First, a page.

This may be Nonto's first sugoroku but it certainly wasn't his last. Come the early thirties as the manga craze blossomed our hero was often teamed with Mickey Mouse and Betty Boop - something of a holy trinity. As said, uncle Nonto is a loafer and this game follows him through a series of disastrous attempts at holding down a job.


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Sugoroku. [Saiken Sugoroku]. Tokyo, Fujimoto Corporation 1925 (Taisho 14). Colour broadside 78x53cm. Used, rumpled and a couple of short marginal tears repaired but very decent. With the playing pieces in the margin. Au$300

A graphic serenade to the virtues of thrift, saving and buying bonds, this was produced by the broking firm Fujimoto for their customers and is labelled 'Not For Sale'. Luckily for the artist and for us some cautionary vices were allowed to spice up a staid game: wine, women and the ponies.


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Manga Sugoroku. [Manga Sugoroku]. Asahi Graph 1925 (Taisho 14). Colour broadsheet 54x79cm. Minor signs of use, pretty good. On the back is a monochrome game that features Daikokuten and a map of Japan; it doesn't look very interesting. With the playing pieces in the margin. Au$450

The new year gift from the magazine Asahi Graph celebrates the introduction and embrace of the American comic strip in Japan along with a couple of local heroes. Mutt, Jeff, Jinks, Maggie et al share the page with that pom-pom kid and his squirrel friend - or vice versa - I forget their names. But I do notice that everyone sticks to their own boxes; Jinks, Mutt and the squirrel play the same stage but not together. Such behavior came later.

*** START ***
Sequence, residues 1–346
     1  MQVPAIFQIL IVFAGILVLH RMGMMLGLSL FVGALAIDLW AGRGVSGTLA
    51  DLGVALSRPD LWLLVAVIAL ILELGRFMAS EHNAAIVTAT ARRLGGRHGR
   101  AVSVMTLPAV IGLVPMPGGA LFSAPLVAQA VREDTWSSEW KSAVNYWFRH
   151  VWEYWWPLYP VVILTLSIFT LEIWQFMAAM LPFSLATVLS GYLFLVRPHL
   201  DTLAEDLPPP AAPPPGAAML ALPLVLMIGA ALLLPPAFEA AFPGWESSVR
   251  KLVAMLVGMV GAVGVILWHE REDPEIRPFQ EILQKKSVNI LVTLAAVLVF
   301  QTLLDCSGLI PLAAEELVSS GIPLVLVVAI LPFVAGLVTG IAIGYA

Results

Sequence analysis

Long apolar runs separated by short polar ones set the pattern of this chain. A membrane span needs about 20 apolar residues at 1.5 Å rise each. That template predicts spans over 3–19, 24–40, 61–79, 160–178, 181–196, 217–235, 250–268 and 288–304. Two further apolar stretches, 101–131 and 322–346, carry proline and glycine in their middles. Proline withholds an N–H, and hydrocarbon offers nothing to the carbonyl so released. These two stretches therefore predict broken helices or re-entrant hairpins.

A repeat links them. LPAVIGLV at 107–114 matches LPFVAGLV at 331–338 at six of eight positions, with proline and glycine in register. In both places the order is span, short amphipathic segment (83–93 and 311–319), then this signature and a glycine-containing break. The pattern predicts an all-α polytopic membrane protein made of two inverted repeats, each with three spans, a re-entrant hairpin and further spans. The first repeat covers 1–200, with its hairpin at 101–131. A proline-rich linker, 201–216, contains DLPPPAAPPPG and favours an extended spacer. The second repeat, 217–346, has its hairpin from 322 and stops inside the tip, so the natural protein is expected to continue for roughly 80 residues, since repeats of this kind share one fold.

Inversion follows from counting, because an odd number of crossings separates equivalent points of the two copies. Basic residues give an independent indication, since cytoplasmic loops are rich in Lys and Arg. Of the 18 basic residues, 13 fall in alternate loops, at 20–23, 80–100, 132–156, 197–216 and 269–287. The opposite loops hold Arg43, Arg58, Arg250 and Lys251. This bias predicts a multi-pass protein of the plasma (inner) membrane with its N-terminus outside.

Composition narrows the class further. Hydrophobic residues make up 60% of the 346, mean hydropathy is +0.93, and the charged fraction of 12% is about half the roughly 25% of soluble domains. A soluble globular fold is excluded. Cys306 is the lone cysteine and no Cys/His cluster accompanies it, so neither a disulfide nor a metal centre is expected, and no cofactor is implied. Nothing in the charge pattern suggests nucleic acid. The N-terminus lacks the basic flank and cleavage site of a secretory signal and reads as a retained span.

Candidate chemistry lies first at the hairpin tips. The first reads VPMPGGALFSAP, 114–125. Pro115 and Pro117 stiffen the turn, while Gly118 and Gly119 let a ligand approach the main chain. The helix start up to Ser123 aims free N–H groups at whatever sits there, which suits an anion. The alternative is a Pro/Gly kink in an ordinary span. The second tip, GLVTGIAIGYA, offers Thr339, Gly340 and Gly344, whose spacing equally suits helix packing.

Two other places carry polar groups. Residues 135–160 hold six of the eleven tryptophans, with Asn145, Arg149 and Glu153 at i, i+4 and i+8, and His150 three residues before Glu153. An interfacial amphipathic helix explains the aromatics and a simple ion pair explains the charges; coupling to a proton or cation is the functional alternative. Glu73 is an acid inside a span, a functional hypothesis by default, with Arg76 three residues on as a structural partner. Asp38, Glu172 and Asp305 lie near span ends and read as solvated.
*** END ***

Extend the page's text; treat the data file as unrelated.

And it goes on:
It was Okamoto Ippei that convinced Asahi Graph and associated papers to publish Bringing Up Father and Mutt and Jeff. This is printed on good heavy paper and Asahi must have produced a squillion of them, so you'd expect it to be fairly easy to find. Not so.


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Kobayashi Eijiro. [Kokkei Norimono Sugoroku] Tokyo, Shonen - Shojo Tankai 1925 (Taisho 14). Colour broadside 54x78cm. Small holes in a couple of folds. Au$300

A vivid fun race through all the kinds of transport there are, from monkey's tail or airship to chauffeur driven motorcar. This seems to have been a bilateral new year gift to the readers of the boys' and the girls' Tankai - magazines that ran for decades from 1920 with a name change to Science and Defence during the war years.


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[Werkbund]. PFLEIDERER, Wolfgang [ed]. Die Form Ohne Ornament. Werkbundaustellung 1924. Stuttgart, Deutsche Verlags 1925. Quarto, excellent in publisher's cloth and dustwrapper; viii,22pp, photo illustrations on 89 plates and adverts. Au$300

Third and fourth thousand. The Werkbund displayed for 1924: from soap to gravestones, cutlery to satchels.


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Fujimoto Katao. [Jitsuyo Oryori Kondate Manga Sugoroku]. Tokyo, Fujin Sekai 1926 (Taisho 15). Colour broadside 55x79cm. Mildly used, quite a good copy. Au$500